In view of the current literature of these services, it is surprising the the new bill also provides for them. In fact, the government does not need them. It has state banks for banking and fiscal agent services. The proposed debt office also can provide services of fiscal agent and financial adviser. In relation to debt restructuring, the government has obtained services of financial advisors from outside even though the Central Bank is the financial adviser.
Despite all these banking and fiscal services provided by the Central Bank for the past 72 years, the government has had to default and faced financial bankruptcy leading the a historic economic crisis in the country.
7. Council for the Coordination of Fiscal, Monetary and Financial Stability Policies of the Central Bank
The Section 83 provides for the non-executive council chaired by the Central Bank Governor. Such committees and discussions are the avenues for problems relating the independence. If the Central Bank wants independence to conduct the monetary policy, it is advisable the it stays away from such policy discussions with the government because such committees have no purpose other than influencing the Central Bank.
8. Cooperation with the Government
The section 84 provides for cooperation with the government and public authorities and exchange views on policies. Such cooperation is the conduit for implementing policies in line with the government’s views. Accordingly, government influence has been formalized in the bill by way of cooperation. The MLA does not have such a general cooperation clause.
9. Public funds to cover risks and bankruptcy of the Central Bank
As per section 4 of the new bill, the government is the sole owner of the Central Bank and is required to provide capital in amounts as determined by the Central Bank Board out of the consolidated fund.
The section 97 of the new bill recognizes the possibility of bankruptcy of the Central Bank, i.e., the value of assets below monetary liabilities and paid-up capital, and requires the government to finance the deficit. Adoption of international accounting standards with fair valuations applied for financial businesses and dealing with private securities in the monetary policy are the sources of such bankruptcy risks.
It is unethical to expect the government to provide capital through the fiscal policy to cover up the risks of private credit securities trades (inclusive of possible securities fraud) of the independent Central Bank used for monetary policy when the Central Bank is prevented from the trade of government securities. In the event, the government rejects requests for such capital infusions and commences forensic audits on such bankruptcy, the Central Bank will internationally loose its credibility. Therefore, the independent Central Bank must be required in law to stay solvent at all times without any dependence on public funds to cover losses because the new Central Bank is managed by independent professionals and experts.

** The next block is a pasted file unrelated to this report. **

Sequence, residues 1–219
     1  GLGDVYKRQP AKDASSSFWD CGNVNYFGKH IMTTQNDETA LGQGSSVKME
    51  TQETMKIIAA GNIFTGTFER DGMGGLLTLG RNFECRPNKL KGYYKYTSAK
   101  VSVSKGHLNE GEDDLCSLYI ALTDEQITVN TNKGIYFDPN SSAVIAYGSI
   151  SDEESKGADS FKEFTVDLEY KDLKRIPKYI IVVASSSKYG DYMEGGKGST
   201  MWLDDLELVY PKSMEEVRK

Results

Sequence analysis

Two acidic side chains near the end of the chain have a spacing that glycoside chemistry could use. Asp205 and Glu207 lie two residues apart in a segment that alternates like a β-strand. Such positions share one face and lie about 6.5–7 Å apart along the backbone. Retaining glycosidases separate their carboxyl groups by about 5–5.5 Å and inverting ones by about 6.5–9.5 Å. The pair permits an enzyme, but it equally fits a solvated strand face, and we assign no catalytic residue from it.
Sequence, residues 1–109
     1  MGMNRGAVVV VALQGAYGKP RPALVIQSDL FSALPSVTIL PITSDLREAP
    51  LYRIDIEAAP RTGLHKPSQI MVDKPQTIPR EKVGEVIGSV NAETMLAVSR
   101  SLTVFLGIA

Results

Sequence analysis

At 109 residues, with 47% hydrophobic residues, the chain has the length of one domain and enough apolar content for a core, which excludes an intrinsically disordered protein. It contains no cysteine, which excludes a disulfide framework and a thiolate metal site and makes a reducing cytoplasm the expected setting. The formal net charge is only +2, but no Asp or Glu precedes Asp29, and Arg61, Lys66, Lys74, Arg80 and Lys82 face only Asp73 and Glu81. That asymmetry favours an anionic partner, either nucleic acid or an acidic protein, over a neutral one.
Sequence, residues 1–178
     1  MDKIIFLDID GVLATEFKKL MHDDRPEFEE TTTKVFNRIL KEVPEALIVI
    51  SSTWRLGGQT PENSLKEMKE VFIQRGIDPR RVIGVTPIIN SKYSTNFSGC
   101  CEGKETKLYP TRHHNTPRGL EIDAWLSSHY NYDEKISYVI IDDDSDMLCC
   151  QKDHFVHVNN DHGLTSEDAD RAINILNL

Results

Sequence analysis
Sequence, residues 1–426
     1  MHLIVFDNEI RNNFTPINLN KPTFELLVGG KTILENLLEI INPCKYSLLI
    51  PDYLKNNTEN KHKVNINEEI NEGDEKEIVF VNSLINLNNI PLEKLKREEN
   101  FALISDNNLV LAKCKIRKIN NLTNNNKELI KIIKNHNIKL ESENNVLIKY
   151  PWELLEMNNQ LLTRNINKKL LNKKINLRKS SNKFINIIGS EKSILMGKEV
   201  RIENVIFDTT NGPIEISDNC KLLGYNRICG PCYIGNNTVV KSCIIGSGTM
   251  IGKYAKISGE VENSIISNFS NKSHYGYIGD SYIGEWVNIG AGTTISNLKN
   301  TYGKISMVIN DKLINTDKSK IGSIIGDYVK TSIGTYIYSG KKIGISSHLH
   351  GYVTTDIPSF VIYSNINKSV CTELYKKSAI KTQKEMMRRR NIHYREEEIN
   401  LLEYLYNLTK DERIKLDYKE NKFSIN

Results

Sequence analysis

As the Central Bank is a state institution established under the Constitution, the autonomy is questioned on the ground who protects the public funds relating to capital of the new Central Bank. Further, the authority given only to the Central Bank to print money also relates to public funds. Therefore, it is necessary to invoke criminal clauses to cover monetary policy operations and non-compliances with objects. Otherwise, the Central Bank will pay games on public powers of the autonomy on money printing.
10. Removal of the Governor, Members of the Governing Board and Deputy Governors
Provisions in the section 19 allow such removals based on qualitative reasons. Therefore, state authorities can interpret such reasons suitably to remove those who contradict or do not support the government policies and views. Further, Attorney General also is a part of this removal process in respect of Governing Board Members.
Therefore, the autonomy or independence is only a concept on paper which does not have any practical purpose or validity.
11. Monetary policy framework agreement
In terms of section 26, Minister’s agreement on monetary policy framework with regard to inflation target and other parameters is required. The Minister also can revise it in intervals he prefers.
Therefore, if the the Minister is smarter, her will sign off the agreement only if the monetary policy is consistent with his macroeconomic policy framework. If the government has a smart Finance Minister conversant in macroeconomic policy gimmicks, he will effectively run the monetary policy too with the credible threat of removal provisions stated above.
Therefore, the Central Bank has lawfully lost the autonomy mentioned in the new bill.
12. Exempted from taxes
The section 115 provides for exemption of income tax, custom duties and stamp duties. If the Central Bank is an independent institution who can print money for its business operations, there is no rationale for granting such fiscal policy support to enable the Central Bank to report profit.
As the Central Bank is to operate on private credit, such tax exemptions will be subsidies to the private businesses. Therefore, the exemption is against the present fiscal policy priorities advocated by the Central Bank itself in association with the IMF.
13. External influence and instructions
Under section 5 of the bill, nobody can influence anybody in the Central Bank. However, same section provides for all in the Central Bank to seek or take instructions from any person and seeking professional or expert advice in the exercise, performance and discharge of the powers, duties and functions under the Act.